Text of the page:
Supreme Judicial Court Advisory Opinion
In a last ditch attempt to revive the measure before it was to die on December 31, 2002 at midnight, Edward Pawlick, the founder of MCM and the primary funder of its activities, threatened to sue Governor Jane Swift if she did not order the legislature back into session to consider the measure again.  As a result of this pressure, Governor Swift requested an eleventh hour advisory opinion from the Supreme Judicial Court as to whether she had an obligation to call the legislature back into session.  Senate President Thomas Birmingham submitted a similar request for an opinion from the Court as to his responsibility and that of the legislature regarding continued action on the measure.  GLAD submitted a brief arguing that both the Governor and the legislature had already discharged their duties relative to the proposed amendment.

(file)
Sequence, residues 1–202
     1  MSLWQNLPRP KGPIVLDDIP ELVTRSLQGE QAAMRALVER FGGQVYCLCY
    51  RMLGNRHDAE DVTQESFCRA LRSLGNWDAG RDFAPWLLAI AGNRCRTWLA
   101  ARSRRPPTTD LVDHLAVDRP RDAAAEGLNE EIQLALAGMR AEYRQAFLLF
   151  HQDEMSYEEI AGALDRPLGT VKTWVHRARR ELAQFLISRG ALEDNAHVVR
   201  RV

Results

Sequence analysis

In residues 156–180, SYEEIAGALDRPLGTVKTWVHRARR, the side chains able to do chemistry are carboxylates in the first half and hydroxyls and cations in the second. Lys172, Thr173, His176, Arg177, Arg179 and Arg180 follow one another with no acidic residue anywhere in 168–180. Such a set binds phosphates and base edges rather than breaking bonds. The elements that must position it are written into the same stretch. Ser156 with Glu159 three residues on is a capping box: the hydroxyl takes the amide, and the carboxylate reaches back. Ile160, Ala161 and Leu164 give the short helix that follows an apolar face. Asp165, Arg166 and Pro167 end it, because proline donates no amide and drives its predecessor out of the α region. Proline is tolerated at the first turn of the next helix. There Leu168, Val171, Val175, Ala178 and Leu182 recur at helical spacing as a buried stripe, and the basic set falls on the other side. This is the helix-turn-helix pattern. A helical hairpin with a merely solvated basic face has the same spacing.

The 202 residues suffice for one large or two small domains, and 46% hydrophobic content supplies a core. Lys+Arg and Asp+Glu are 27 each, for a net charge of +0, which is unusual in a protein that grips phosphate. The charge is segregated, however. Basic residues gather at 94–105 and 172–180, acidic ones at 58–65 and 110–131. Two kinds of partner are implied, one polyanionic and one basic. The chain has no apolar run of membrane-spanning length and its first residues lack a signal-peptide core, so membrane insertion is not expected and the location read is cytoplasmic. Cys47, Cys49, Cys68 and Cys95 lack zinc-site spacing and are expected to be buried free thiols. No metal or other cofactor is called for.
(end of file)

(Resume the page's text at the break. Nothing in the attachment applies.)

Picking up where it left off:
On December 20th, the SJC answered the questions presented to it by Acting Governor Jane Swift and Senate President Thomas Birmingham concerning the adjournment of the Constitutional Convention, the status of the DOMA initiative, and the continuing responsibilities of the Acting Governor and the Legislature for the rest of the legislative session, if any.  Despite GLAD’s arguments to the contrary, the SJC ruled that adjournment did not constitute final action on the initiative.  As such, the Governor could order the legislature back into session, but was not required to do so.  The Court declined to answer Swift’s question about calling the legislature back into session, as well as Birmingham’s questions about the implications of potential actions if the legislature were convened in another Constitutional Convention by or before December 31.  Without an affirmative mandate to pursue further action, neither the Governor nor the legislature chose to reopen the amendment initiative, and the matter died at the end of the legislative session on December 31, 2002.